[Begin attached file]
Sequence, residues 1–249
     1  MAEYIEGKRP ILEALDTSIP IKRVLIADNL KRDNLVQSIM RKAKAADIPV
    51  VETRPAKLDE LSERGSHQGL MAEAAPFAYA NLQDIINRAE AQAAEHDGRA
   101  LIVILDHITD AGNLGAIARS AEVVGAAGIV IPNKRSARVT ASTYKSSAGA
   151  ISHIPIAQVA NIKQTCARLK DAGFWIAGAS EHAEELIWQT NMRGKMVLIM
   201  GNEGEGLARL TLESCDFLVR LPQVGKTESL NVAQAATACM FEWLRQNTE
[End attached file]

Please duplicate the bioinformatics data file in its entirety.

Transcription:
Sequence, residues 1–249
     1  MAEYIEGKRP ILEALDTSIP IKRVLIADNL KRDNLVQSIM RKAKAADIPV
    51  VETRPAKLDE LSERGSHQGL MAEAAPFAYA NLQDIINRAE AQAAEHDGRA
   101  LIVILDHITD AGNLGAIARS AEVVGAAGIV IPNKRSARVT ASTYKSSAGA
   151  ISHIPIAQVA NIKQTCARLK DAGFWIAGAS EHAEELIWQT NMRGKMVLIM
   201  GNEGEGLARL TLESCDFLVR LPQVGKTESL NVAQAATACM FEWLRQNTE